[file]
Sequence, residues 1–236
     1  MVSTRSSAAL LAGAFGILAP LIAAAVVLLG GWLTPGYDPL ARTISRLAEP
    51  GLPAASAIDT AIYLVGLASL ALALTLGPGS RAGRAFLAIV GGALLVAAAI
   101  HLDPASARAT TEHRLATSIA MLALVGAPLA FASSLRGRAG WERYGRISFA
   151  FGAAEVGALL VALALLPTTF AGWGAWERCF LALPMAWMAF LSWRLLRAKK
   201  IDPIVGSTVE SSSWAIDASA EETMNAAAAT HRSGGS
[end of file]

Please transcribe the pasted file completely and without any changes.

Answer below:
Sequence, residues 1–236
     1  MVSTRSSAAL LAGAFGILAP LIAAAVVLLG GWLTPGYDPL ARTISRLAEP
    51  GLPAASAIDT AIYLVGLASL ALALTLGPGS RAGRAFLAIV GGALLVAAAI
   101  HLDPASARAT TEHRLATSIA MLALVGAPLA FASSLRGRAG WERYGRISFA
   151  FGAAEVGALL VALALLPTTF AGWGAWERCF LALPMAWMAF LSWRLLRAKK
   201  IDPIVGSTVE SSSWAIDASA EETMNAAAAT HRSGGS